- The Washington Times - Tuesday, January 17, 2006

As Congress readies itself for possible indictments from the Abramoff scandal, it would be useful to remember some recent history. Democrats stand to gain politically by casting the scandal as the inevitable result of Republican corruption. Insofar as Jack Abramoff’s felonious activity was primarily with Republicans, they may be right — and we wouldn’t begrudge a political party from exploiting a campaign opportunity. Yet all this talk about partisan advantage distorts the true nature of the problem. To understand it, we’ll have to remind Democrats about their not-so-distant past.

As former Wall Street Journal reporter Brooks Jackson documented in his masterful look into Capitol Hill corruption, “Honest Graft,” the system that allowed a man like Mr. Abramoff to flourish largely was built by former Rep. Tony Coelho, California Democrat, in the 1980s. Allowed inside Mr. Coelho’s Democratic Congressional Campaign Committee, Mr. Jackson saw first hand how donations were wrung from corporate political action committees, which in turn expected a return on their investment, often in the form of legislative gifts.

By 1978, Mr. Jackson writes, “the cost of staying in office was rising rapidly.” Indeed, “the incumbents of 1978 had spent on the average only $87,000 to win their seats two years earlier. But the average cost of winning rose by 46 percent, to nearly $128,000, in the 1978 campaigns.” Newcomer Tony Coelho “was alert to the change.” He outspent his first House opponent $266,000 to $104,000. Veteran House Democrats took notice of Mr. Coelho’s fund-raising abilities and soon enough installed the young congressman as chairman of the DCCC, which is responsible for siphoning contributions to Democratic candidates.

Republicans too were getting in the fund-raising game, albeit belatedly, but Mr. Coelho outmaneuvered them. Writes Mr. Jackson, “Coelho appreciated… that business PACs gave mostly to open the doors of the lawmakers who controlled the good things the federal government had going.” Republicans erred in thinking businesses would support their free-market ideology. Mr. Coelho understood that what businesses really want from government is protection, tax breaks, loopholes and contracts. Ideology had nothing to do with it. Rather, business interests are best served by supporting incumbents and the party in power.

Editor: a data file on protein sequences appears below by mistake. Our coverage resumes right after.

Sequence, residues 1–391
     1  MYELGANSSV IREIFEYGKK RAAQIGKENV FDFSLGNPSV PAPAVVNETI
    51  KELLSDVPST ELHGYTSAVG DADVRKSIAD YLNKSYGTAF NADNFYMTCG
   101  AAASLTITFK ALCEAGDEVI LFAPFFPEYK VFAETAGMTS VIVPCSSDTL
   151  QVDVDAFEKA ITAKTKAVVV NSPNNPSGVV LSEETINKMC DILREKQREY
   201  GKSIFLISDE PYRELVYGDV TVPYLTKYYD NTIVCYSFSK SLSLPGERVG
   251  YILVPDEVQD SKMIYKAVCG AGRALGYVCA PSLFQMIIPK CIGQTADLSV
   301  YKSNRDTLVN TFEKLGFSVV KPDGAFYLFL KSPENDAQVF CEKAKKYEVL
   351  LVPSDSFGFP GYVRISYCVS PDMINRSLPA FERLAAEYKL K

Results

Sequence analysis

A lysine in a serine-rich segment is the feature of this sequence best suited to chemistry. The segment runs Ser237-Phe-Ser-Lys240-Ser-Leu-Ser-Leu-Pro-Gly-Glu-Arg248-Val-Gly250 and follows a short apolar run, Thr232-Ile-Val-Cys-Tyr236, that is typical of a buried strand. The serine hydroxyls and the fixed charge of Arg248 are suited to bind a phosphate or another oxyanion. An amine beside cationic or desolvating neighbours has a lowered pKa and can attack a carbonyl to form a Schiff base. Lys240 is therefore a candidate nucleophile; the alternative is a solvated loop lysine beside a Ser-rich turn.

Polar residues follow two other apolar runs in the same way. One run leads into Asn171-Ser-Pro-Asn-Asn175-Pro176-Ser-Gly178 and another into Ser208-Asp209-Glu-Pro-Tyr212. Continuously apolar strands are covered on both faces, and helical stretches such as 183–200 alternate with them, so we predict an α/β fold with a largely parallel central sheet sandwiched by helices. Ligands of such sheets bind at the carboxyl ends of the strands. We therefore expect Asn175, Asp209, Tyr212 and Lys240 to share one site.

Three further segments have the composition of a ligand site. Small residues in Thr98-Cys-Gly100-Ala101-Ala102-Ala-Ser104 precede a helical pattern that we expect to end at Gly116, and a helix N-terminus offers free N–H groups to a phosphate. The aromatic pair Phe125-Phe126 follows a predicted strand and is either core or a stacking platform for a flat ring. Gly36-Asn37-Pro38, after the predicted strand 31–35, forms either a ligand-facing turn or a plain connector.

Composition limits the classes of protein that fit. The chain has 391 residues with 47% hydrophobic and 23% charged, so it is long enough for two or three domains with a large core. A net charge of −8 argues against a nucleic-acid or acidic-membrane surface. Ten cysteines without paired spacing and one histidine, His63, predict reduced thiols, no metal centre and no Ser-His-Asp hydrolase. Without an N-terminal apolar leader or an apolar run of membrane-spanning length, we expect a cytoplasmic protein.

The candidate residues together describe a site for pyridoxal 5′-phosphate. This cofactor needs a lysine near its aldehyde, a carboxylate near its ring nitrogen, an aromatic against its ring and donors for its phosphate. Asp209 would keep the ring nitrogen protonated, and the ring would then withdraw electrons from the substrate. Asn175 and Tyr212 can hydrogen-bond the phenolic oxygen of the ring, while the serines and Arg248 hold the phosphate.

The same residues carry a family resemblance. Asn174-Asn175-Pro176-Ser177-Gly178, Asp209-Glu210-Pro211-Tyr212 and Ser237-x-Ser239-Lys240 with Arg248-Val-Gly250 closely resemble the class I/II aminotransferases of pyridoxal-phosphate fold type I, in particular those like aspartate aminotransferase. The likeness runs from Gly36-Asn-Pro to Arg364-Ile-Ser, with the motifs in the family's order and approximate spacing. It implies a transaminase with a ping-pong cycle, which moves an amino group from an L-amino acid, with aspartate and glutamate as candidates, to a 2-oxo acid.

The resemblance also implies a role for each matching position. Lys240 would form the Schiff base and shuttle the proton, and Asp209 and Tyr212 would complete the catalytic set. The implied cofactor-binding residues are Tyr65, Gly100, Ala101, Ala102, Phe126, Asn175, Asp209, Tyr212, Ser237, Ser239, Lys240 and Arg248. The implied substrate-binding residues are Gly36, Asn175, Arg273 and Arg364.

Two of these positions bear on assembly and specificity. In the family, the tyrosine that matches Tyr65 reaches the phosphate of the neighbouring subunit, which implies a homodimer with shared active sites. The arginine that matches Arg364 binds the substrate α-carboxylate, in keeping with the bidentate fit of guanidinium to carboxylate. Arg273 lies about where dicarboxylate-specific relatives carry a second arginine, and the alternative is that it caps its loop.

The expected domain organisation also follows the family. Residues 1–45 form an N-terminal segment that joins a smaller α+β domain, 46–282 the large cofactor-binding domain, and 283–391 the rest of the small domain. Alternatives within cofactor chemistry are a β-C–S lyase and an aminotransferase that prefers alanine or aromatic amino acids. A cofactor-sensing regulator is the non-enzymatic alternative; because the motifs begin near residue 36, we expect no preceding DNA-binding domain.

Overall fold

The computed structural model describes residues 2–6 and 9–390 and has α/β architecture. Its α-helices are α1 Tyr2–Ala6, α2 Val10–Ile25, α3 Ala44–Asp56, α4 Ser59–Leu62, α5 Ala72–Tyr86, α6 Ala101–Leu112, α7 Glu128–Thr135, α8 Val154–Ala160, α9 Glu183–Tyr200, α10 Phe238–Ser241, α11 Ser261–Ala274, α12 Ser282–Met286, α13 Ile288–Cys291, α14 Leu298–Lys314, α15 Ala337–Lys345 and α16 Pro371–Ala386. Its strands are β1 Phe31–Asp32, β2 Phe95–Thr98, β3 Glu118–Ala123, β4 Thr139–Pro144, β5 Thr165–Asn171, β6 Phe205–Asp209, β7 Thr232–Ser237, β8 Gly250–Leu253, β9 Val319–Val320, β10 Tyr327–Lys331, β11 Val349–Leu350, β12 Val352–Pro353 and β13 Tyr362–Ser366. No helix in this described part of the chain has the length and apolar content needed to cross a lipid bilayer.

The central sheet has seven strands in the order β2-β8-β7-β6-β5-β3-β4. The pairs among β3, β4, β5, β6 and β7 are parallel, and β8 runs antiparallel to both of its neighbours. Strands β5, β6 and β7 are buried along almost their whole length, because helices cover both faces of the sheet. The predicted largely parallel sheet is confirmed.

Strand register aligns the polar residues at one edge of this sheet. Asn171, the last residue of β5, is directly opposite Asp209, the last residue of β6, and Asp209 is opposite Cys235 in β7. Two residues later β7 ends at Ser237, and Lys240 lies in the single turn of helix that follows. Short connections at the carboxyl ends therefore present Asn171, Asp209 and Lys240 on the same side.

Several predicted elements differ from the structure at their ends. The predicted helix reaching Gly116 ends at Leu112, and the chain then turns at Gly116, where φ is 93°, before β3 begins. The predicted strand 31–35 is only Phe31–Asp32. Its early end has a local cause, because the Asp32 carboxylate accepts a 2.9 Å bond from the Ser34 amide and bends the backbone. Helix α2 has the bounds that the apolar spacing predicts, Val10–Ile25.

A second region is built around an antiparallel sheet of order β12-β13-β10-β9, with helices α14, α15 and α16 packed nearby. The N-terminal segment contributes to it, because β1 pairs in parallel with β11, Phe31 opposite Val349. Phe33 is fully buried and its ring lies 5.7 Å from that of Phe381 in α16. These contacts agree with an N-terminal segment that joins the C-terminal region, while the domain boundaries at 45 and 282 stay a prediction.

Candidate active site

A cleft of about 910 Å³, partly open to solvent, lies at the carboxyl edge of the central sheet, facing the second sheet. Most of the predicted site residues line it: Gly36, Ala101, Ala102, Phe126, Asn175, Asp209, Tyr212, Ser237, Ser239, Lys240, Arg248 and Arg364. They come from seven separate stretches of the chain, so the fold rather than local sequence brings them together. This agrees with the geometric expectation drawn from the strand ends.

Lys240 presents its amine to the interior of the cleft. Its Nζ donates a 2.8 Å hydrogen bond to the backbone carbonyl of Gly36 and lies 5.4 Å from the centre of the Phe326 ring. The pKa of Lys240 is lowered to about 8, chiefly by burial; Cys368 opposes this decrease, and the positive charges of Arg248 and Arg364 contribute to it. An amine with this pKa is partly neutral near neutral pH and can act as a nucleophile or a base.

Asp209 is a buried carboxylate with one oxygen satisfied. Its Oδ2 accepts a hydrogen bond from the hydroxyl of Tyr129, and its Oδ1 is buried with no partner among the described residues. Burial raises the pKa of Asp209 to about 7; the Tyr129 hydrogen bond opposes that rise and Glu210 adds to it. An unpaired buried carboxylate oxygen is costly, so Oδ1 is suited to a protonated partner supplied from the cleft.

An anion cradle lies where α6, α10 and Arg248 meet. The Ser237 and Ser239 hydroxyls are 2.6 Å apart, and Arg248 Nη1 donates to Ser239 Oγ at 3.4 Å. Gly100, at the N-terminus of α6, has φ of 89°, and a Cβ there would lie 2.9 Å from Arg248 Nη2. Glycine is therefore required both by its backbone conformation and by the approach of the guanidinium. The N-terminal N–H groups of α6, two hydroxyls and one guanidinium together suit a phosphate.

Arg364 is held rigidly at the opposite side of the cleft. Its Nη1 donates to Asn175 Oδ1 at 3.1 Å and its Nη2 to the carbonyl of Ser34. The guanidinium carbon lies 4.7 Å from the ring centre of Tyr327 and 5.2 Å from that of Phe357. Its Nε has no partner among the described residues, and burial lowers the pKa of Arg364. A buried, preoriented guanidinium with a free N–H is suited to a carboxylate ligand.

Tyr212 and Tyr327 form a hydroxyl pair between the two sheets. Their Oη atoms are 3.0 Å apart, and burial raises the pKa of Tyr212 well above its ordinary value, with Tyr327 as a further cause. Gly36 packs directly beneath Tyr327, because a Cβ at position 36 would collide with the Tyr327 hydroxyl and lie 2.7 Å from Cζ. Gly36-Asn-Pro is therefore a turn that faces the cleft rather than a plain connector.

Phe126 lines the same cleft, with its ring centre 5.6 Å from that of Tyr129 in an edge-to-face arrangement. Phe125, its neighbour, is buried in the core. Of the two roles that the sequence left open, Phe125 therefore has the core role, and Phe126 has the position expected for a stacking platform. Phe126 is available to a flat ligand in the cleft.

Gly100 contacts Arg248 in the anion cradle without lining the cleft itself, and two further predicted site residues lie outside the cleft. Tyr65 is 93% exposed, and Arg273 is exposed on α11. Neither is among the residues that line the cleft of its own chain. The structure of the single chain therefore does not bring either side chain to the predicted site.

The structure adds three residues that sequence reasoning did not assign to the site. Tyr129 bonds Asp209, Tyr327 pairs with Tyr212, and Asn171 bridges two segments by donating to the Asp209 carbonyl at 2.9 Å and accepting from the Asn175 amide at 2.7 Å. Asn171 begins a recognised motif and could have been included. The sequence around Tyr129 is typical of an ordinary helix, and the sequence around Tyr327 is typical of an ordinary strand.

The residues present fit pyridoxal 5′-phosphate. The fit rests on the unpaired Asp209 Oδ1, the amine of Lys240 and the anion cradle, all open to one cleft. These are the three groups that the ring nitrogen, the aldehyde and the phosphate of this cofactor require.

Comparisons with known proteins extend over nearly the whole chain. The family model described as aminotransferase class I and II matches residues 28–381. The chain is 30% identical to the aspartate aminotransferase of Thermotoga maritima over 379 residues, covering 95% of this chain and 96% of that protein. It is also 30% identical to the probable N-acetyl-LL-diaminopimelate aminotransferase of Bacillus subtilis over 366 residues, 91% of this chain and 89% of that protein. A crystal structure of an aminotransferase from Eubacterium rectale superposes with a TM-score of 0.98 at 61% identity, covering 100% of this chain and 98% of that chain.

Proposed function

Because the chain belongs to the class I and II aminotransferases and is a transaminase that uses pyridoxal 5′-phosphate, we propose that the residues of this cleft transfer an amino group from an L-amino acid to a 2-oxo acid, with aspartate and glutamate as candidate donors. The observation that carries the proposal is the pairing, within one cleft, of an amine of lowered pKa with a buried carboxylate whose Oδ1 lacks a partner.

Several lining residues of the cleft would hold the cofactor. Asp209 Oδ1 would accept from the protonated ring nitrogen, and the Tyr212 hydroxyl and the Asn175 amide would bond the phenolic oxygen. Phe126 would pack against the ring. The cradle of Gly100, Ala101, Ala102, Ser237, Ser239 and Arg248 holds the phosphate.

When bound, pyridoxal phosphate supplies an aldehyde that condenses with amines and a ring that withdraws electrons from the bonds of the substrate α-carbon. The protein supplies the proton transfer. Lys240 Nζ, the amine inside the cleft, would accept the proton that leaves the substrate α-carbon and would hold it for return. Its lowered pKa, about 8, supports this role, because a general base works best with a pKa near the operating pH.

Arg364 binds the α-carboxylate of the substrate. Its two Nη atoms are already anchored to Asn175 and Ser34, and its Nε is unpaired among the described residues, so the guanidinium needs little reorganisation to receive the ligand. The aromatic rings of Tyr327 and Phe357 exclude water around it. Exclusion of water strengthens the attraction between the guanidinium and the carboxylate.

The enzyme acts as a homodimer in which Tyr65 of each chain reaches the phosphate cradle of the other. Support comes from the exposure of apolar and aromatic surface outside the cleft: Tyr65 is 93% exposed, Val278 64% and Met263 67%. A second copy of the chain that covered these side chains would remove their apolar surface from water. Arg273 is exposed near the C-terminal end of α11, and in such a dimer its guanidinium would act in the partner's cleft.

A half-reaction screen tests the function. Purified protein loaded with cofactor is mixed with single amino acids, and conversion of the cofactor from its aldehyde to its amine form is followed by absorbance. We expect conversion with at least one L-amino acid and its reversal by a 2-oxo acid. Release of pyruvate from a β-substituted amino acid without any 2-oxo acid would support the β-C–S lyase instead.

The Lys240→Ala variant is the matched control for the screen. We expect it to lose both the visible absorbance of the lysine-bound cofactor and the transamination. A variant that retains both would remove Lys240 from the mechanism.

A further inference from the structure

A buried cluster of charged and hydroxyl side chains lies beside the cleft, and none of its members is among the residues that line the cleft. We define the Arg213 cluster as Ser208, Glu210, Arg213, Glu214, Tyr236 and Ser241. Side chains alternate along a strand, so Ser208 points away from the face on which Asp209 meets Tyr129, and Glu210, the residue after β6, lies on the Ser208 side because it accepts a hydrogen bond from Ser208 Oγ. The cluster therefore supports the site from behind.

It was a lesson Republicans wouldn’t forget when they took control of the House in 1994. Specifically, Rep. Tom DeLay and others designed the “K Street Project” to co-opt the Coelho fund-raising juggernaut. “It’s not an overstatement to say that the K Street Project was a very direct attempt to replicate what Coelho had done in the mid-80s,” former Republican Rep. Vin Weber told us. “Republicans were frustrated with the Democrats’ success in extracting substantial amounts of money from the business community.”

This is not to suggest that only Mr. Coelho’s Democrats — or Mr. DeLay’s Republicans — benefited from the system. Mr. Jackson notes that “House members elected in 1976 got an average of 25.6 percent of their campaign funds from PACs. But those elected in 1986 would rely on PACs for 42 percent of their campaign receipts. Lawmakers of both parties leaned more and more on PACs, and less and less on the voters, to finance their campaigns.”

The same holds true today. As the Center for Responsive Politics records, between 1999 and 2006, Abramoff clients and associates gave $778,180 to the DCCC and the Democratic Senatorial Campaign Committee. The very same clients gave just $156,320 more to the two Republican committees — not a significant advantage for the party in power. Or, as Mr. Weber said, “whatever culture exists in Washington, it is purely bipartisan.”

Also reminiscent of today, the Coelho story ended in scandal, with Mr. Coelho retiring in humiliation. His departure, however, “changed nothing,” Mr. Jackson warned. “He left intact a deeply rooted system of money-based politics… and it continued to flourish after he was gone.”

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